Political map of South & Southwest Asia on 26 Mar 1931 (Rising Nationalism: Sino-Tibetan War), showing the following events: Central Plains War; Sino-Tibetan War; Zilan massacre; Gandhi-Irwin Pact.

Sino-Tibetan War

Rising Nationalism

Southern Asia 1931.0326

Sino-Tibetan War

Indian independence movement, Saudi unification (26 March 1931)

Historical Map of South & Southwest Asia

By the early 1930s, Chiang Kaishek's Nationalists had reunified much of China, encouraging the remaining warlords to side with him. Tibet, whose independence remained unrecognized, soon came into conflict with some of these warlords when it asserted its claim to monasteries on its eastern border. The warlords defeated the Tibetans, eventually agreeing to a truce in 1932.

Notes

Changes to the map 27 April 1930 - 26 March 1931

China: The Nationalist Government has defeated the Guominjun and Yan Xishan in the Central Plains War, with the support of the Fengtian clique. Tibet has intervened in the disputed Xikang territory, seizing Kanze and Nyarong from Liu Wenhui.

Turkey: The Ararat rebellion has been defeated in the east.

Arabia: Asir has signed a treaty with the Saudis, effectively ending its independence.

Ethiopia: Italy has set up a fortified position at Wal Wal in the Ogaden across the poorly defined Somaliland-Ethiopian border.

British Protectorates in the Persian Gulf

The British Residency of the Persian Gulf maintained British India's influence in a number of Gulf states from the 19th Century until 1947. These states were nominally independent - and shown as such in most atlases from the period - but all signed treaties guaranteeing British control over their foreign affairs.

The Sultanate of Muscat and Oman was the only one of these states with significant international relations, having obtained trade agreements with the US and France before it signed its treaty with Britain. Maps of the time often show Trucial Oman and even Qatar as regions of Oman.

Trucial Oman was the region to the west of Oman which collectively signed treaties with Britain. The sheikhdoms of this region were often called the Trucial States, and later became the United Arab Emirates. However at this time they had little unity, with no regional council until 1952.

Indian Empire

The British Indian Empire, also known as the British Raj, was comprised of a complex of presidencies, provinces, protectorates, and agencies. Only the top level subdivisions are shown here.

The area under direct British rule was known as British India and made up of presidencies and provinces - a presidency simply being the name for an older province.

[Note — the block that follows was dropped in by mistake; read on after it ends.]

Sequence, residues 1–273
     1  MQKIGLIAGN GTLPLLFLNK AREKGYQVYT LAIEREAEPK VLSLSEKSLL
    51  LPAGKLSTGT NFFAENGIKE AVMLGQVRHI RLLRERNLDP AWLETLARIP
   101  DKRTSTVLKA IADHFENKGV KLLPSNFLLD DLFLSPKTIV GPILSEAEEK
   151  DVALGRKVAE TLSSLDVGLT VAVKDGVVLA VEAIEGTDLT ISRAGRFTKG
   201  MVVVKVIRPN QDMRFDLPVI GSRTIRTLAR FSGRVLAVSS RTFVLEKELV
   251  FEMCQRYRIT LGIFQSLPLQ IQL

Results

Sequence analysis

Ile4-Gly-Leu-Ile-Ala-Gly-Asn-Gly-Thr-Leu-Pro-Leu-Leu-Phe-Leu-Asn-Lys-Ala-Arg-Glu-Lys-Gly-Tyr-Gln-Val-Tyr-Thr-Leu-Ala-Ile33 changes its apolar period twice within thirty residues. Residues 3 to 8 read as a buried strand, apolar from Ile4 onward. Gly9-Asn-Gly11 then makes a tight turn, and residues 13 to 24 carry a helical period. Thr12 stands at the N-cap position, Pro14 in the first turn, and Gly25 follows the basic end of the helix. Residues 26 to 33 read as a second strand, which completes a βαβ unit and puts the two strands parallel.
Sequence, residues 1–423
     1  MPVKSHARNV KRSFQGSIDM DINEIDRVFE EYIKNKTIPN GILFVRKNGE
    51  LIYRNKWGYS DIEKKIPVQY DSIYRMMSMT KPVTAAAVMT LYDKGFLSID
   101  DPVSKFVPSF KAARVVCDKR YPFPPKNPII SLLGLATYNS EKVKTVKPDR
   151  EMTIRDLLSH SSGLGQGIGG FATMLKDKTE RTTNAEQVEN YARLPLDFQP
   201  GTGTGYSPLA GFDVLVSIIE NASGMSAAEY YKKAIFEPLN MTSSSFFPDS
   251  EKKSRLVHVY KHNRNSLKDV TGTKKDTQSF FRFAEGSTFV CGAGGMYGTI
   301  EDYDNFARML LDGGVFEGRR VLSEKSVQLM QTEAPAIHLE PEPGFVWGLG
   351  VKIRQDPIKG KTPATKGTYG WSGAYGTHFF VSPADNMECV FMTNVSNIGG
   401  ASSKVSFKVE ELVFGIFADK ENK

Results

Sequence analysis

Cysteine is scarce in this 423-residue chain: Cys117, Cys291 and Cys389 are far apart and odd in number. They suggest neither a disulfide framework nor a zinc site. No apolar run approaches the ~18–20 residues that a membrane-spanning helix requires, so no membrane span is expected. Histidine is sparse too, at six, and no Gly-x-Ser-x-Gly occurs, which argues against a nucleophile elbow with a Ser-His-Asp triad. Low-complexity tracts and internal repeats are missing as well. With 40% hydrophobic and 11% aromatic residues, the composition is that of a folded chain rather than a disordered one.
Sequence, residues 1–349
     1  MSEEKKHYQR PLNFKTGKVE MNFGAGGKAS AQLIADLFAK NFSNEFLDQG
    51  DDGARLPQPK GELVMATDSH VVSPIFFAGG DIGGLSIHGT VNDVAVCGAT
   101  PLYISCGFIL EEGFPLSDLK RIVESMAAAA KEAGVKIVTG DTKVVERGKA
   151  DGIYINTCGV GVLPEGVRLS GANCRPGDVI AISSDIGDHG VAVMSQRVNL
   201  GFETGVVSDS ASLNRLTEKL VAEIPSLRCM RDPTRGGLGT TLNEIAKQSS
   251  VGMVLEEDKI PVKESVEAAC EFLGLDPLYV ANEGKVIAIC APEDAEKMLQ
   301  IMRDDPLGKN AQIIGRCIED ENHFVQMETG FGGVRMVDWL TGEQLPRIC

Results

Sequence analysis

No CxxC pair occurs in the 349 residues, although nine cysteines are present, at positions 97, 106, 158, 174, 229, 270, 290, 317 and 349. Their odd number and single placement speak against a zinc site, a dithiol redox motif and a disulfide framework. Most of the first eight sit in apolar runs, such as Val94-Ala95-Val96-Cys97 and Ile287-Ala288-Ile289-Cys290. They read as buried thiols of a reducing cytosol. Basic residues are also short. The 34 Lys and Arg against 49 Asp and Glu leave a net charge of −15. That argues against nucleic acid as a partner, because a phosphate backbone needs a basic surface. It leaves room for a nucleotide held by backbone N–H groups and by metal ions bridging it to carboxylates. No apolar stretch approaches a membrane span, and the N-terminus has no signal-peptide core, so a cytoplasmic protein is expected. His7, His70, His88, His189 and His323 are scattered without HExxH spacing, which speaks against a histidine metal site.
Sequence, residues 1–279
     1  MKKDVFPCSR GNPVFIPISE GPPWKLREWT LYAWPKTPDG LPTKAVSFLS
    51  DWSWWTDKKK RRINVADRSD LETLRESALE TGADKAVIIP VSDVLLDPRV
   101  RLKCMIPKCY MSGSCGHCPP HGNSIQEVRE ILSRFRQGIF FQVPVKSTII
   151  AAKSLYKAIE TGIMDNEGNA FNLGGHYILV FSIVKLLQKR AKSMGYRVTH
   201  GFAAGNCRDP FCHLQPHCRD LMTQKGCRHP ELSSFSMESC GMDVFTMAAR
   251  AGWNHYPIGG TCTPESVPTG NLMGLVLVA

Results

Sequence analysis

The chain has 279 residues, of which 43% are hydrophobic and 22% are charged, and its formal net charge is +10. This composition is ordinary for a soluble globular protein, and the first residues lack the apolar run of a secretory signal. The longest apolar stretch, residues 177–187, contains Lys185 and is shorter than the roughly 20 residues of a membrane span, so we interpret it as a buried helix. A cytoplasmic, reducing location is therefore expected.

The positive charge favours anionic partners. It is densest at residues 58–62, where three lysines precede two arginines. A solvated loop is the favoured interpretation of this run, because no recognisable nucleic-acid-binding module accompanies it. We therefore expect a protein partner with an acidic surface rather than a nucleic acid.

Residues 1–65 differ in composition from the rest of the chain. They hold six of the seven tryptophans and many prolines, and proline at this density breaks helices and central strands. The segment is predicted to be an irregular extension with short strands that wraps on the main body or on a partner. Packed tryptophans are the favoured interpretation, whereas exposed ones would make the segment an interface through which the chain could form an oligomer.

Outside British India, but often included within the sphere of the presidencies/provinces, were the hundreds of protectorates or 'princely states'. These were indirectly ruled states, the largest being Hyderabad, Kashmir, and Mysore. The others were either collected into agencies - which might in turn contain other smaller agencies - or fell under the sway of the provinces.

Main Events

Central Plains War

Three Chinese military commanders - Feng Yuxiang of the Guominjun, Yan Xishan of Shanxi, and Li Zongren of the Guangxi clique - revolt against Chiang Kaishek's dominance of the Kuomintang, the governing party of the Republic of China, leading to the Central Plains War. After months of fighting, Zhang Xueliang of the Fengtian clique declares for Chiang on 18 September and marches south, helping to crush the rebel warlords.

Sino-Tibetan War

Following disputes over the control of monasteries between pro-Tibetan lamas and pro-Chinese chieftains, the Kingdom of Tibet under the 13th Dalai Lama seizes Kanze and Nyarong - at the time controlled by Xikang's warlord, Liu Wenhui. After several more clashes, Liu retakes the settlements, invading eastern Tibet with the support of Ma Bufang of Qinghai. This leads to a British-arranged truce in October 1932.

Zilan massacre

During the Ararat rebellion, the Turkish Army destroys over 200 villages and massacres up to 15,000 Kurdish residents in the Zilan Valley, to the north of the town of Erciş in Van Province. The massacre does not end the rebellion, which continues into September 1930.

Gandhi-Irwin Pact

Indian nationalist Mohandas Gandhi signs a political agreement with Lord Irwin, Viceroy of India, after eight meetings totaling 32 hours. Gandhi agrees to discontinue the civil disobedience movement in return for the British Government's pledge to release all non-violent political prisoners, end its ban on the Indian National Congress, and relax the Salt Laws. Gandhi is also designated as Congress's representative to the Round Table Conference in London, set for August 1931.

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